The Republican came in third, behind both the Democratic candidate and the now Independent incumbent. It didn't help matters that the Republican admitted that as deputy sheriff he routinely fixed friends' speeding tickets, leading at least this Loudoun voter to wonder: What part of illegal didn't he understand?
Even in Prince William County, which gained national attention this summer for passing one of the toughest local anti-illegal alien measures in the country, immigration wasn't decisive. Two of the most outspoken anti-illegal members of the board of supervisors won re-election, but so did the incumbent Democratic state senator in the race, whom his opponent had tried to paint as soft on illegal immigration.
What the Virginia GOP failed to appreciate on the illegal immigration front is the difference between intensity and salience in voter behavior. Some voters are intensely angry about illegal immigration, and they tend to dominate the talk show airwaves and show up at candidate gatherings. But the number of voters for whom this is the single biggest voting issue is relatively small.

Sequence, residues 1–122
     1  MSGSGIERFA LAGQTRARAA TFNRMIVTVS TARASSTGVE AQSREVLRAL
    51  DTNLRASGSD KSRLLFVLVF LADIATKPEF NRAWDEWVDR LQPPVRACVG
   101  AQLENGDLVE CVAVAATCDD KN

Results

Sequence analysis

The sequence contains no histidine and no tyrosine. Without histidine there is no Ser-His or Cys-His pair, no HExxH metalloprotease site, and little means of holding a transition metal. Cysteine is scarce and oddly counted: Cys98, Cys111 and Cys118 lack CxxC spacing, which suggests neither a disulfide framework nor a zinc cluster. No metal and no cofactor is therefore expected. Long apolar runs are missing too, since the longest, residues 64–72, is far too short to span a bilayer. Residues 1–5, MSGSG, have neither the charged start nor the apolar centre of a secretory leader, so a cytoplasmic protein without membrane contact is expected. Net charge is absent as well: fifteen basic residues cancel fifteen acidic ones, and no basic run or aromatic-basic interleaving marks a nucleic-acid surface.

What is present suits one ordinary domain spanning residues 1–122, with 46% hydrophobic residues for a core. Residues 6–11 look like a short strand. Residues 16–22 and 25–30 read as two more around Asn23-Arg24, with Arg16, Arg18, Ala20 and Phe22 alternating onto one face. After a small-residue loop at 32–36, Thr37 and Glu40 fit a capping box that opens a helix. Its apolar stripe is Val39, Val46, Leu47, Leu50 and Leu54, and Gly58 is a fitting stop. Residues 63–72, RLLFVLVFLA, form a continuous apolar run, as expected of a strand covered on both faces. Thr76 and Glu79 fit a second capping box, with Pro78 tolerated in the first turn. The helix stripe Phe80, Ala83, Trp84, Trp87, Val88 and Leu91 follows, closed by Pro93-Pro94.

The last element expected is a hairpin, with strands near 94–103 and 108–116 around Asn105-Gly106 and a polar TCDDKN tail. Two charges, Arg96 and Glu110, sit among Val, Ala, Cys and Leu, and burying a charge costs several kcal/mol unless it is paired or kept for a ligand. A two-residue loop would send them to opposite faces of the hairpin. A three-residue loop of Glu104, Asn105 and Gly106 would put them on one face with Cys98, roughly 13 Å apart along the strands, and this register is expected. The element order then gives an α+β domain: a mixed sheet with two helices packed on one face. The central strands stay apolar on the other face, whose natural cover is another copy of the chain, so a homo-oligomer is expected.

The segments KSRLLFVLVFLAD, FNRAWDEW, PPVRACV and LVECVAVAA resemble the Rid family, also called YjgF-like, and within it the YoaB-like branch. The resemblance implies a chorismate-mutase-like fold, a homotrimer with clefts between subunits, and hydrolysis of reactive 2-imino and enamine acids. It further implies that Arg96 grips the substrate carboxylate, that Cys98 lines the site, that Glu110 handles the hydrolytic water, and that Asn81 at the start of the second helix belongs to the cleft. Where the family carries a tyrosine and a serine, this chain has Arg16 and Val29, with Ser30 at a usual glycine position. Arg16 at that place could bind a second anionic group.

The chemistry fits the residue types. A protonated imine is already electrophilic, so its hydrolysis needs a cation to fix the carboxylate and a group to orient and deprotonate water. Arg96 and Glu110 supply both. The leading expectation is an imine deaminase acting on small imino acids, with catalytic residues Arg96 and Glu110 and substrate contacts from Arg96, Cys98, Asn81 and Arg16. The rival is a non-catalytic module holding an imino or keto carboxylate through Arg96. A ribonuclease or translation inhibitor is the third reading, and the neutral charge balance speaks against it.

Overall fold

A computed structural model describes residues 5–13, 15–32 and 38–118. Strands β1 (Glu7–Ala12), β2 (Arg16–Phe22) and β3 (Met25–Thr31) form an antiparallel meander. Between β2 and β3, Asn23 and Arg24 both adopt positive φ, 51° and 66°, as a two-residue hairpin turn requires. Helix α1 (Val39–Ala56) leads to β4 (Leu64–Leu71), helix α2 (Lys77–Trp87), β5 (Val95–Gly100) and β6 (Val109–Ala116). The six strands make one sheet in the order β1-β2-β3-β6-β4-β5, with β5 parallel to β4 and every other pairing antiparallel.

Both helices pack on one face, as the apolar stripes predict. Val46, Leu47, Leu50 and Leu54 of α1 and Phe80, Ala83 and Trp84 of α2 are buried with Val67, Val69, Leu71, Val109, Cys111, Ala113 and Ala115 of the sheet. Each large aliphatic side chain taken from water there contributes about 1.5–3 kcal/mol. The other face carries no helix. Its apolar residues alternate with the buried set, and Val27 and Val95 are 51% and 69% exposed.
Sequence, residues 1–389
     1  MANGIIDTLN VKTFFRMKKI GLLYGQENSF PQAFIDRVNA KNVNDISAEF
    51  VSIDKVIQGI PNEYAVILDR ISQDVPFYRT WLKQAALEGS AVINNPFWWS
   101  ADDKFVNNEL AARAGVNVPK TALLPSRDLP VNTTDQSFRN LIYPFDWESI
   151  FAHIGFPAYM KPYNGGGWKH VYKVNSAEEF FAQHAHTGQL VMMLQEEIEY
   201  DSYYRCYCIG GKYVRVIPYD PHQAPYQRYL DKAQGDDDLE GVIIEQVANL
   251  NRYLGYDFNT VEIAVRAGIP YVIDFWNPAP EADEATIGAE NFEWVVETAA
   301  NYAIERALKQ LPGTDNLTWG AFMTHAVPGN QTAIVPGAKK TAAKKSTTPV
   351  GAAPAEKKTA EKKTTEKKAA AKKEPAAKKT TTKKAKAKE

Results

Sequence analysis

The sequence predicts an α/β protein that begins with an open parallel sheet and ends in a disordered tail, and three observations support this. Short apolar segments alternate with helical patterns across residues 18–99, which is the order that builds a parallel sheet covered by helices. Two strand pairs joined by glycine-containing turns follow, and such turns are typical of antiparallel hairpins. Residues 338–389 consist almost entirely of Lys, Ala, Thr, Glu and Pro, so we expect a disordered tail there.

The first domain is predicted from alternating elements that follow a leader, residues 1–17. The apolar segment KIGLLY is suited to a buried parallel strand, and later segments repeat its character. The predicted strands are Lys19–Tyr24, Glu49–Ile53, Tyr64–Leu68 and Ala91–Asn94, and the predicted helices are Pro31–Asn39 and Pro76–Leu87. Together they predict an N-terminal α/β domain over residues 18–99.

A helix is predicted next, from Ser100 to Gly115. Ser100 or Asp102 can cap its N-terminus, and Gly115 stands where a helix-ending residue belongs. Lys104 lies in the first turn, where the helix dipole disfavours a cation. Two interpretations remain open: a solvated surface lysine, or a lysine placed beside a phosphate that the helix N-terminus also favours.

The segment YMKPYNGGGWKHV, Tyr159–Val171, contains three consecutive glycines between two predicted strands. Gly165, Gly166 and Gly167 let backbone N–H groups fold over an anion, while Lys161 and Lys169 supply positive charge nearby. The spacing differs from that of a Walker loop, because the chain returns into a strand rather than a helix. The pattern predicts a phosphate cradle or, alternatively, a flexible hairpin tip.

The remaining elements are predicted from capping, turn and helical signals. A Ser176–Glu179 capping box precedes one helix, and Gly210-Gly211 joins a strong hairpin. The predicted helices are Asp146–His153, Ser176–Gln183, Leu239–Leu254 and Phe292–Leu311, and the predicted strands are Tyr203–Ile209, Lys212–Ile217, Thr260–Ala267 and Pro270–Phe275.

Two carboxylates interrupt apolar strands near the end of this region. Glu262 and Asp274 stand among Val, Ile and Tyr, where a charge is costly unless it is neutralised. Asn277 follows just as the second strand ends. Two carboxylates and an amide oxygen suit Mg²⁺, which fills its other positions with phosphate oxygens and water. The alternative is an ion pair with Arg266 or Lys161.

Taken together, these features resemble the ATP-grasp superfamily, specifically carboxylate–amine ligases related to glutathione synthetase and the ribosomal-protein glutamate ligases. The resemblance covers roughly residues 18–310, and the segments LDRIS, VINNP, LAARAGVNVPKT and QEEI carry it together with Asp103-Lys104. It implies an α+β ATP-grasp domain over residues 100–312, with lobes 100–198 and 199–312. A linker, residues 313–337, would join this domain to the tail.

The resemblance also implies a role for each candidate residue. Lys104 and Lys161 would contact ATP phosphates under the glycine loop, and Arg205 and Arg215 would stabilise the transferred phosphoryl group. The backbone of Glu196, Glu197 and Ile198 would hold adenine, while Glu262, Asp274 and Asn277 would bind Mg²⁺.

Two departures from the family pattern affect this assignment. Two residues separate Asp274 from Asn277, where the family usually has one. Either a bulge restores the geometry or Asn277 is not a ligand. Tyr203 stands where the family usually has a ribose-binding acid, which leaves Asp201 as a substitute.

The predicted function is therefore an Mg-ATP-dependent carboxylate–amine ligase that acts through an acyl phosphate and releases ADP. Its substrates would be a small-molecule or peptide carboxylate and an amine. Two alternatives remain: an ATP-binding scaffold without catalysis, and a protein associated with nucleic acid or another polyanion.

A larger group of voters may worry about the effect of illegal immigration on their communities; but when they go to the polls, other concerns trump the issue. Illegal immigration simply isn't a salient issue with most voters on Election Day.
The GOP's tough stand on immigration is a big loser with Hispanic voters, who are becoming a larger share of the electorate and whom the party had courted of late. Illegal alien bashing also appears not to have the broad appeal to other voters that some Republican strategists thought it would. If they're smart, Republican candidates will find a new issue to tie their hopes to next year.
Linda Chavez is chairman of the Center for Equal Opportunity and author of Betrayal: How Union Bosses Shake Down Their Members and Corrupt American Politics .
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